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The Epicenter 1/2

by Kelsey Logan


Arik: “This is so exciting!” my mom gushed.

“I’m just starting at a new school. It’s not that exciting,” I pointed out.

“You’re a senior now Arik,” she went on. I rolled my eyes.

“Sera, you can stop.” My dad was always the reasonable one.

My mom hit him on the arm. “Damn it, Thom! Don’t sneak up on me like that.” Dad laughed.

“See ya. I have to give Jase a ride.” I turned and started to walk away.

“Love you,” Mom called after me.

Kait: Someone rammed into me, almost knocking me down. I turned to see the new kid, no big shocker there. I opened my mouth to yell at him, but stopped myself. There was something about him that seemed too nice, maybe the sincere look in his bright blue eyes.

“Sorry,” he mumbled as he started to walk around me.

“It’s fine. What’s your name?” I asked.

“Arik,” he replied.

“I’m Kait.”

“This is Jase,” Arik muttered when one of his friends ran over.

“Come on. We’re gonna be late for class,” Jase said impatiently. Arik walked away with him.

Arik: “You talked to Kait Forrester!” Jase said that day at lunch.

“And?” I felt a little bewildered.

“She’s the hottest girl around here.” I believed him, she was cute. Her short strawberry blonde hair framed her face perfectly.

“You’re a lucky man. I saw the way she looked at you.”

I just shrugged and started eating my hamburger.

Kait: “He’s cute,” my friend Emmy needlessly pointed out as we walked to French together.

“Yeah, yeah.” I tried to get her off the subject.

When we rounded the corner into our classroom Arik was there. I went and sat next to him, with Emmy on my other side.

The bell rang, signaling the start of class. The teacher, Miss Claring, walked in; she seemed too young, they all did.

The class turned out to be immensely boring. Miss Claring was a nervous woman, with her eyes constantly darting back and forth. For her eyes being so animated, her voice was rather droning.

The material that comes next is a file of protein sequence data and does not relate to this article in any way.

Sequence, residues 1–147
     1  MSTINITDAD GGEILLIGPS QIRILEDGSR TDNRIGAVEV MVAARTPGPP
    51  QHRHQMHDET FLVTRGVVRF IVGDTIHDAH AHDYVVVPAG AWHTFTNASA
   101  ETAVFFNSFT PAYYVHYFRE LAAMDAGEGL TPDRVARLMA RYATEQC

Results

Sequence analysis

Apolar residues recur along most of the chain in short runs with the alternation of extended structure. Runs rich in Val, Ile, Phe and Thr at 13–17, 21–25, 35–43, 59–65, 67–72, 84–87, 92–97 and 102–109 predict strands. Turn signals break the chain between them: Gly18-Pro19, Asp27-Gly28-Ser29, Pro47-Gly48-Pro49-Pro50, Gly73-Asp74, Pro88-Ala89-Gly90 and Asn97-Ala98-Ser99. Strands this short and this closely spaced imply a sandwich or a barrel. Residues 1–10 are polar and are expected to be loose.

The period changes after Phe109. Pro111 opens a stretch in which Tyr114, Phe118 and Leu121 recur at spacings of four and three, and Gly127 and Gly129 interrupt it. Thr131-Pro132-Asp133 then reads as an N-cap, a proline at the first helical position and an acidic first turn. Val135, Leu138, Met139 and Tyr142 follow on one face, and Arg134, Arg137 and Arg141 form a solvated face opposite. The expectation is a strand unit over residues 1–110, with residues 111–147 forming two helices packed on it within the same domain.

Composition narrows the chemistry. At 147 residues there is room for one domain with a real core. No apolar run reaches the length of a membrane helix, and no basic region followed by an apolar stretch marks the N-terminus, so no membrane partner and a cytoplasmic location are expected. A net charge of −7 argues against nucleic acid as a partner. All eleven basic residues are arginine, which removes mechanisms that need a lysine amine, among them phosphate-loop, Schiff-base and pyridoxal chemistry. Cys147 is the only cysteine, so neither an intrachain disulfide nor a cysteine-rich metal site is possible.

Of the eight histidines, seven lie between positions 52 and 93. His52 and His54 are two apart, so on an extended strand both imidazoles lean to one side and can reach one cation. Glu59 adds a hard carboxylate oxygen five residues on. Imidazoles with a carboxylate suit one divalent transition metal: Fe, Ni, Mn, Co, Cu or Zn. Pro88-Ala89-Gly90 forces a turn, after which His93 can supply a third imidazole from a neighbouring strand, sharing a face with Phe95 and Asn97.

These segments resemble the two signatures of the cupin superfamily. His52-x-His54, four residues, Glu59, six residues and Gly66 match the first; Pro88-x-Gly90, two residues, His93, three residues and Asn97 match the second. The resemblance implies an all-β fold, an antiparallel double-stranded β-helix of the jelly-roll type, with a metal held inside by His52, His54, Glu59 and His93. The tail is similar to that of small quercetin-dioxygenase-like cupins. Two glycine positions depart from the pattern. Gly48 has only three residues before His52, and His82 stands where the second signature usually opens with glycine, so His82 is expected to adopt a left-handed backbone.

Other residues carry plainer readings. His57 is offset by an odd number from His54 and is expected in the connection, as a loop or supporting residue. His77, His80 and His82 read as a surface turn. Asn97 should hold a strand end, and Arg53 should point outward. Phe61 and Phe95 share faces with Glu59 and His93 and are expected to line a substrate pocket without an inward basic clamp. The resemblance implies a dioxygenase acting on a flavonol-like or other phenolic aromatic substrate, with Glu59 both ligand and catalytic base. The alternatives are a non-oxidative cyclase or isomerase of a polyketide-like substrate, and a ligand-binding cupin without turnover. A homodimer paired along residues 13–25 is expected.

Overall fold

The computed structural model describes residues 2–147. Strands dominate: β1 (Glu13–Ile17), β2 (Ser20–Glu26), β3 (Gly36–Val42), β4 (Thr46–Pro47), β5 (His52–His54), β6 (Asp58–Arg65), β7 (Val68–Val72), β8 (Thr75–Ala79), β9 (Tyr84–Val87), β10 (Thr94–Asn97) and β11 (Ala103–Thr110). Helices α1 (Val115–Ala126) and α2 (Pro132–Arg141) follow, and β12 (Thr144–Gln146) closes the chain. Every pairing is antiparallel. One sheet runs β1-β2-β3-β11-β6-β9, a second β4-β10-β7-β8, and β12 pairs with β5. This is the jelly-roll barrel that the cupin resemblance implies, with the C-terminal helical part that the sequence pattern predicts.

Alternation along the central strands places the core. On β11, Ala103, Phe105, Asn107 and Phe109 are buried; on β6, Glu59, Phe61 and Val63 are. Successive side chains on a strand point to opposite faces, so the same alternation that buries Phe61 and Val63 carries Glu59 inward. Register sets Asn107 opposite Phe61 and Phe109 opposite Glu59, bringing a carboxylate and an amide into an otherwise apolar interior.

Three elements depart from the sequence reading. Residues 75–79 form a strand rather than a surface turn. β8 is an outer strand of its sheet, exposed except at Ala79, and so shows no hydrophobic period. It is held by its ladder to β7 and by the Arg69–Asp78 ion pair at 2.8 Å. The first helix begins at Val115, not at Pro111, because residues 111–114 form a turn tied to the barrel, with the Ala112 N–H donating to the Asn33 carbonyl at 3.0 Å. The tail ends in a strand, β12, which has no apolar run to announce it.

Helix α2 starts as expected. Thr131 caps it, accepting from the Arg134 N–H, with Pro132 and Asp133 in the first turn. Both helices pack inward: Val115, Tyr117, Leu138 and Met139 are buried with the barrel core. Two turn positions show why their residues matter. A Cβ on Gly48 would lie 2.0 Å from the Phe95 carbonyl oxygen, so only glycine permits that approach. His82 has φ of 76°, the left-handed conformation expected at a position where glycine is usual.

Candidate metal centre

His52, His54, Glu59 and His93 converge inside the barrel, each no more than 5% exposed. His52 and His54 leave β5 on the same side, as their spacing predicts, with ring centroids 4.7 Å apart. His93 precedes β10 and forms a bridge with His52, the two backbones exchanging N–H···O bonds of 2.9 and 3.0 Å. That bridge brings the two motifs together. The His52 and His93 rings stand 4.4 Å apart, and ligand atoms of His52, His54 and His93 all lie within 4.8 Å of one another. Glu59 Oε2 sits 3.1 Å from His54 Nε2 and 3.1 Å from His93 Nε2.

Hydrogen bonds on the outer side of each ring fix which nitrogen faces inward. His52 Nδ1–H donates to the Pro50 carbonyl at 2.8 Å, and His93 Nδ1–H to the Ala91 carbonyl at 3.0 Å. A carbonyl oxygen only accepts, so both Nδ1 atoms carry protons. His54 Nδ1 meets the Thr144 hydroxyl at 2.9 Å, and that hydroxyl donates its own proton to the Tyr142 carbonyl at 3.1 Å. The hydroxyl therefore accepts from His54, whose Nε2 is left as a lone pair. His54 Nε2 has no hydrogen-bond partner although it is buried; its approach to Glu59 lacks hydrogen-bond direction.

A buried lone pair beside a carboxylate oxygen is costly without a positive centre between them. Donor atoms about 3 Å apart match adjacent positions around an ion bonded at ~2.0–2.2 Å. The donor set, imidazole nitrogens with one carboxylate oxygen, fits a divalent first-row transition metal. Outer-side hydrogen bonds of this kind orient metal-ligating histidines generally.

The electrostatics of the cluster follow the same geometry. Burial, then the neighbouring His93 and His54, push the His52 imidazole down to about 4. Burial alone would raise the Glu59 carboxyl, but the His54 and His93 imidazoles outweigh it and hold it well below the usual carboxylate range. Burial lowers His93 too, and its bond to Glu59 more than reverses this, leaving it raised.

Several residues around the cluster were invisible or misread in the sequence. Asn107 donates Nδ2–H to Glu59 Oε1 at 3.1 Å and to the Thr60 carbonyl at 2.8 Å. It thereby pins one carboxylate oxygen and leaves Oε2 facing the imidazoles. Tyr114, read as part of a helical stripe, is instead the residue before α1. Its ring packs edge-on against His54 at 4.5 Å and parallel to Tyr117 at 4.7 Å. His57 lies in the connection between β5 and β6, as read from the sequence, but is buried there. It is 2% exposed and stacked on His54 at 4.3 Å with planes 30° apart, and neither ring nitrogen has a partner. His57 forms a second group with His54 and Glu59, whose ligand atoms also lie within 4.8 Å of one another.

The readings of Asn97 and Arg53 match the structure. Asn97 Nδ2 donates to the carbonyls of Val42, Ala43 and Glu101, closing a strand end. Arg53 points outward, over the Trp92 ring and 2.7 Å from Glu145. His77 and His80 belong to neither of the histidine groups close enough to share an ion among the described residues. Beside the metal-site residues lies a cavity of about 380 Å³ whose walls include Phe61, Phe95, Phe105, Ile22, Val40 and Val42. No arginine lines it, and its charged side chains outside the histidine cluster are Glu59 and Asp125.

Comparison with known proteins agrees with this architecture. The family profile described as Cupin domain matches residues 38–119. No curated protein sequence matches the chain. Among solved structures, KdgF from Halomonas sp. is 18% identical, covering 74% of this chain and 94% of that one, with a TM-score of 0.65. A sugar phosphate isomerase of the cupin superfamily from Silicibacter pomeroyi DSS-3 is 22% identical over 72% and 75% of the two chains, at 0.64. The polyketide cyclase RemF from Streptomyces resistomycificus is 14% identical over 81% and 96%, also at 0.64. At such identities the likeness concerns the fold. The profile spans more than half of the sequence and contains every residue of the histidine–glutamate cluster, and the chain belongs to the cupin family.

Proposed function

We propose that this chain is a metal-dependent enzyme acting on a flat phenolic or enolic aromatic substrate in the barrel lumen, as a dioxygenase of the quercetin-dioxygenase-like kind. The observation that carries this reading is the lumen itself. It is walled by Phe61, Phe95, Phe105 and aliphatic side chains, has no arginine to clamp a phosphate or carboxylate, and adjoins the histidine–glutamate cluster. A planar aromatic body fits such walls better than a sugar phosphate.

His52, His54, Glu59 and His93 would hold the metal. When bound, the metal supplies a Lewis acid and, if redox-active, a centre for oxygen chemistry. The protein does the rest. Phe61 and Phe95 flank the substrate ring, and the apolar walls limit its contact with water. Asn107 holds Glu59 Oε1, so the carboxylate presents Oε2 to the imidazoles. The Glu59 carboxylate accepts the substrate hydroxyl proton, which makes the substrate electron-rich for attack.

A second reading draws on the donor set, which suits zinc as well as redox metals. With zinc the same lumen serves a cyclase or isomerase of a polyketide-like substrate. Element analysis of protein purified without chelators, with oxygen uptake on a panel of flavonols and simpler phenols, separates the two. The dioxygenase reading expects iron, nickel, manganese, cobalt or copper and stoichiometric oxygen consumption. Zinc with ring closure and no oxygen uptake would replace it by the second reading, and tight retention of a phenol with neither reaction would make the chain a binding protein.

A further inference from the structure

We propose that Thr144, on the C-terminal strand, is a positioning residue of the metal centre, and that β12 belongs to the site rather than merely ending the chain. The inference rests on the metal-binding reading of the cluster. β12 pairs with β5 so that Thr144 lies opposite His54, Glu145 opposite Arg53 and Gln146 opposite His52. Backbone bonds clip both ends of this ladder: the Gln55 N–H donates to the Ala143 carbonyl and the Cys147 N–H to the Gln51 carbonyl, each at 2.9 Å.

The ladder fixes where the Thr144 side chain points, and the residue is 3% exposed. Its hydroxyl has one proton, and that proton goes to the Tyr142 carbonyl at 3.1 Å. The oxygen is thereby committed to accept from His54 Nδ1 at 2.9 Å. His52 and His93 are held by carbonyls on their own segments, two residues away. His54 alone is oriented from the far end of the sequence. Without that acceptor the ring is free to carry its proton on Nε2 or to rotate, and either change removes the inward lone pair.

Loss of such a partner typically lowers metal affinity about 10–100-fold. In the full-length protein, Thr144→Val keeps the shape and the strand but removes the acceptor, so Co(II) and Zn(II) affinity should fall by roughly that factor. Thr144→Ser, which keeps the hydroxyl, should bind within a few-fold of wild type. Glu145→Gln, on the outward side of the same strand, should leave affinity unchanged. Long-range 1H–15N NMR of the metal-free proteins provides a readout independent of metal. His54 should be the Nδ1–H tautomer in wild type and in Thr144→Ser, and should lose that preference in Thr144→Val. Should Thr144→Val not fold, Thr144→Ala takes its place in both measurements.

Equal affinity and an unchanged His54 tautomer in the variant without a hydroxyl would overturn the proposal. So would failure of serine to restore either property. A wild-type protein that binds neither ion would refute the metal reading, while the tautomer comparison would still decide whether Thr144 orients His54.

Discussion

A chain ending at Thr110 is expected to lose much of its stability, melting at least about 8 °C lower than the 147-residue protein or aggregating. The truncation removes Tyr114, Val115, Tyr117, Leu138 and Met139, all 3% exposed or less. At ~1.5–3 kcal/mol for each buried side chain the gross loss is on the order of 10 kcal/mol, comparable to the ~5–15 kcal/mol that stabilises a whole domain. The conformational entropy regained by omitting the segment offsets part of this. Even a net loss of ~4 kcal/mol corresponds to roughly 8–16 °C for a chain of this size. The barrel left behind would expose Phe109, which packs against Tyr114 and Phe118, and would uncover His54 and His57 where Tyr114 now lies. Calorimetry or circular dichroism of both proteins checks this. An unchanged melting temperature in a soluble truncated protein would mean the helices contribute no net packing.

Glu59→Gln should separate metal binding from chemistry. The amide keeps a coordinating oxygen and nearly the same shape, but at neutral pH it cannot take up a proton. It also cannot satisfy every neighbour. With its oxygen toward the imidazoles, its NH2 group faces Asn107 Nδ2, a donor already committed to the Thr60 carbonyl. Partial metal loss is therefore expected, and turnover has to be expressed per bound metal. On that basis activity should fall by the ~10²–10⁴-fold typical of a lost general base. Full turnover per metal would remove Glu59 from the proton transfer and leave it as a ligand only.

When the bell rang everybody jumped up, eager to escape. Then I heard it, a low rumbling.

“Do you hear that?” I asked Emmy.

“No.” She looked at me questioningly.

“I hear it,” Arik said from behind me, making me jump.

“I hear it now,” Emmy muttered.

“Everybody get down!” Arik suddenly yelled. Emmy crawled under her desk; Arik pulled me under his as the ceiling came down around us.

Arik: I could feel a fragment of my shattered desk sticking out of my arm, but I made no attempt to remove it. My first priority was Kait. She was limp in my arms, a deep gash running down her face, neck, shoulder, and arm. Her friend Emmy was lying unconscious a few feet away.

“Is it over?” Kait whispered.

“Yeah,” I answered.

“Good.” She passed out.

Total chaos ensued after the earthquake. People were screaming and running everywhere. The earthquake was strange though, since we’d never had an earthquake in the area before, and there weren’t any tremors or aftershocks.

Kait and I had to go to the hospital. Jase somehow managed to escape unscathed, and Emmy had a mild concussion. Kait had to get more than a hundred stitches, and I got fifty.

When Kait and I were stitched up we walked out to the waiting room. My parents were waiting, but hers weren’t.

“We’ll give you a ride home. Besides, the four of us need to talk,” Dad offered. Kait nodded in agreement.

Kait: “What’s your last name?” Arik’s dad, Thom, asked.